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Wednesday, 29 February 2012

The ECB is handing out sleeping pills to the financial markets: ‘sweet dreams, you b*stards…’

Nurse: “Sweet dreams, you b*stard”
Protagonist: “I remember now, I remember how it started”

This evening I was haunted with a feeling that the actions of Mario Draghi and the ECB are very similar with those of the nurse at the start of Queensrÿche’s legendary album ‘Operation Mindcrime’.

For those who don't know this musical masterpiece, here is a synopsis: the 'antihero' is under influence of a mad scientist that wants to start a world revolution in order to throw over the corrupted governments. Things go wrong and the anti-hero is arrested and locked up in a mental hospital. This is were the record sets off.
 Of course this has nothing to do with today's situation.

The story of this record is not important now, but the beginning is: 
while the hero of this true masterpiece album wants to remember what went wrong some time ago and how he came into the mess that he was in at that moment, the nurse in the mental hospital where he was locked up, sedated him with the words: “Sweet dreams, you b*stard”.

The analogy with the financial markets and the ECB is stunning. While the financial markets really want to disclose the problems that the banking industry and the European sovereigns have currently, ‘nurse’ Mario Draghi gives them a shot of €uro-sleeping pills through the banks. After this shot, the financial markets dream on for a month or so.

Today the news was published that the ECB handed out another €529 bln in credit ‘sleeping pills’. It clearly hopes that the financial markets will forget in what a dire situation the large European banks and the Euro-zone sovereigns are, in reality.

The Financial Times wrote a cover story on the renewed ECB lending scheme today. Here are the pertinent snips of this story:

The European Central Bank on Wednesday injected €529.5bn into the eurozone financial system as 800 European banks took advantage of the ECB’s cheap three-year longer-term refinancing operation [...], which offers lenders an interest rate of just 1%. 

The ECB’s first three-year loan programme in December, which saw 523 banks borrow €489bn, was widely seen as a “game changer” that helped to avert a liquidity squeeze in the European banking system. 

Wednesday’s figure included funds rolled from shorter dated operations. About €310bn of net new liquidity was added to the system – much more than in December’s loan auction. “This is at the higher end of market expectations and should have a positive impact on risk assets especially when compared to the €193.4bn net liquidity add that was seen from December’s LTRO 1,” said Divyang Shah, global strategist at IFR Markets.

Suki Mann, head of credit strategy at Société Générale in London, said “You can reasonably assume that any major short-term funding issues have now been alleviated and the market can move on. The fact that more banks participated is a result of the collateral rules being widened.”

Banks, particularly those in Spain and Italy, are thought to have already used the first round of cheap money from the ECB to buy their governments’ sovereign bonds, helping to drive borrowing costs lower. Recent figures from the ECB show that Italian and Spanish banks increased their holdings in sovereign bonds by 13% and 29% respectively over a two-month period between December and January.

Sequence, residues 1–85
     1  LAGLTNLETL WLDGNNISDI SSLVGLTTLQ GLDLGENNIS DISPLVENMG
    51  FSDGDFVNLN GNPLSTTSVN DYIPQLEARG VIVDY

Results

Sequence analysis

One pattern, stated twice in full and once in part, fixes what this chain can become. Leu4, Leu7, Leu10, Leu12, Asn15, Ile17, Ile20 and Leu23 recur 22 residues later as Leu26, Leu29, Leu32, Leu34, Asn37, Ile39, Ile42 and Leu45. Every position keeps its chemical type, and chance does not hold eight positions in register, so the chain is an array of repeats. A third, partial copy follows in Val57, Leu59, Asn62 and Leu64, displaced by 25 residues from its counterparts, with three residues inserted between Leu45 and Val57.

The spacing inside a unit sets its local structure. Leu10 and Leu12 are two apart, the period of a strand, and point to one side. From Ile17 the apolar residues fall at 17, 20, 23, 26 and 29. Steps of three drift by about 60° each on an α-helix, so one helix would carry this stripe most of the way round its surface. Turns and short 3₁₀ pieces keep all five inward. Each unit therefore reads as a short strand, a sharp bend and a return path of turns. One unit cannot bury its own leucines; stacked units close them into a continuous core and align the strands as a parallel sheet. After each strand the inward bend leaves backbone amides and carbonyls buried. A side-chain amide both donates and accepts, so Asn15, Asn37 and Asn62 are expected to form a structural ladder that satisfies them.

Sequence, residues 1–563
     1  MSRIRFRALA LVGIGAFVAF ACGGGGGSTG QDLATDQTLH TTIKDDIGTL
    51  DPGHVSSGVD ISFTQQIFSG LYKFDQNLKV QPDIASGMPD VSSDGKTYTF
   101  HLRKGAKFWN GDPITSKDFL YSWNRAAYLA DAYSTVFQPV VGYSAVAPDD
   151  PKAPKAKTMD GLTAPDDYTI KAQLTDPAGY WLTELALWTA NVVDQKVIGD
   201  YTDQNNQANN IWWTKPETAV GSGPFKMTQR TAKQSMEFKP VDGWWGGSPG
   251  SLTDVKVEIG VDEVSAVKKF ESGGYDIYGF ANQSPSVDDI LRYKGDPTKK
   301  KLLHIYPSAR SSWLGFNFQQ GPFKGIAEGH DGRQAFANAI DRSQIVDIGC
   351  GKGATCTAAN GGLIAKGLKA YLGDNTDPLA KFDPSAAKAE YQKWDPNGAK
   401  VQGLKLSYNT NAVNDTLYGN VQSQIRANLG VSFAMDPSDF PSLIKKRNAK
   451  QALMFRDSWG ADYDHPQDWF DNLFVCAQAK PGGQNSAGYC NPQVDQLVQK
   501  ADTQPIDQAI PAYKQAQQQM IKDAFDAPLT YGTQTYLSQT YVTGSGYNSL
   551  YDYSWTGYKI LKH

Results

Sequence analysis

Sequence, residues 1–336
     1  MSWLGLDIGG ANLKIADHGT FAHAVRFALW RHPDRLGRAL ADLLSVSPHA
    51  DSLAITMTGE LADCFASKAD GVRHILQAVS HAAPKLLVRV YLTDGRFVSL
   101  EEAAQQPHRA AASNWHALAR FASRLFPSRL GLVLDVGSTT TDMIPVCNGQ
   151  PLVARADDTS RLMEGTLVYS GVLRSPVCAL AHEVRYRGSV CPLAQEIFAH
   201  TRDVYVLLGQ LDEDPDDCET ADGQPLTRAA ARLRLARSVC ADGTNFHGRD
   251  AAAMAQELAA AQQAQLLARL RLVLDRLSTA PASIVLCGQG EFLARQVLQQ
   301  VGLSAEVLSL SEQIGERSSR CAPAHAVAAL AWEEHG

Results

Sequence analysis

Some [people] have warned that eurozone banks risk becoming addicted to the cheap funding from the ECB and that it may not be long before the central bank has to commit to a third LTRO.

However, Mario Draghi, the ECB’s president, stressed earlier this month that the measures were temporary and the central bank would not pre-commit to making them a permanent feature of monetary policy.

And yes, the patients, called ‘financial markets’ are again sound asleep.

As a matter of fact, during the last two weeks Greece is stashed in the mausoleum of the Euro-zone with a sign: ‘small enough to fail’. Nobody cares about this poor country anymore.

At the same time, the banks in the more important PIIGS countries Spain and Italy have again enough financial fire power to force the interest rate of Italian and Spanish bonds down; the proverbial emperor from Hans-Christian Andersen’s fairytale shows his new clothes again and looks indeed magnificent.

And everybody is happily shouting: ‘look how low the interest rates of Italy and Spain are currently. Now the Euro-zone is safe. And Germany finally seems to be going to expand the firepower of the Euro-zone’s bazooka EFSF/ESM (European Financial Stability Facility / ~Stability Mechanism). This will make the Euro-zone a much safer place too’.

But please look at the facts:
  • Greece is –  with -7% negative growth in 2011Q4 y-o-y – going through the heaviest economic contraction in years – maybe even in history
  • Spain, Italy and Portugal are not likely to return to prosperous times soon. During the last year, the focus of the EU and the Euro-zone has been exclusively on financial stability and not on regaining economic prosperity. The results are predictable: negative growth, with Spain as a relative outlier, as this country had ‘only’ negative growth in Q4.
  • Germany seems to head towards a recession with negative growth in 2011Q4, while economic ‘Mighty Mouse’ The Netherlands is already officially in one. France had anemic growth of 0.2%, but was celebrated like a true champion.
  • Of the 18 countries that sent Q-o-Q data to Eurostat, 12 reported negative growth. Of the 9 countries that didn’t report Q4 growth data, at least four will have negative growth, is my assumption.

But the financial markets fall happily asleep and have very vivid dreams with all kinds of colors and shapes. It are the drugs, y’know!

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